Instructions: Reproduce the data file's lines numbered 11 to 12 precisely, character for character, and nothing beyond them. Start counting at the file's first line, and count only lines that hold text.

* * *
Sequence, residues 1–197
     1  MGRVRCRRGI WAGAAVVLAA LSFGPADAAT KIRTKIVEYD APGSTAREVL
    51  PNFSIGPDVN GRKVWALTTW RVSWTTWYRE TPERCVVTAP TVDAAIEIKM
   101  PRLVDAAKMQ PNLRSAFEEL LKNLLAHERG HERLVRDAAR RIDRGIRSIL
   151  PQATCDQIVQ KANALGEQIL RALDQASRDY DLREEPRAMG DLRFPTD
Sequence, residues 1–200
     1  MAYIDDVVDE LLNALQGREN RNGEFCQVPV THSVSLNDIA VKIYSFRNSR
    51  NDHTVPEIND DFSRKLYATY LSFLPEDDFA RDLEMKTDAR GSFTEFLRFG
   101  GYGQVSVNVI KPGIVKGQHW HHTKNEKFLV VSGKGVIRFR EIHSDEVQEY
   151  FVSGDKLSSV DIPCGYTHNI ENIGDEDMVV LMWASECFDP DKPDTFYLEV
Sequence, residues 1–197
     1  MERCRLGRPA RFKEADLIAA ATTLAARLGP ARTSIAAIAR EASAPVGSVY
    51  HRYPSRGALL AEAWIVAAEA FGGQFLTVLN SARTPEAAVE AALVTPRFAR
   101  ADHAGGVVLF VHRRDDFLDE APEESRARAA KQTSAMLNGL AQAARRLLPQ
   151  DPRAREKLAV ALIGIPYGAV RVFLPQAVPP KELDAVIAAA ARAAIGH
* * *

Sequence, residues 1–197
     1  MERCRLGRPA RFKEADLIAA ATTLAARLGP ARTSIAAIAR EASAPVGSVY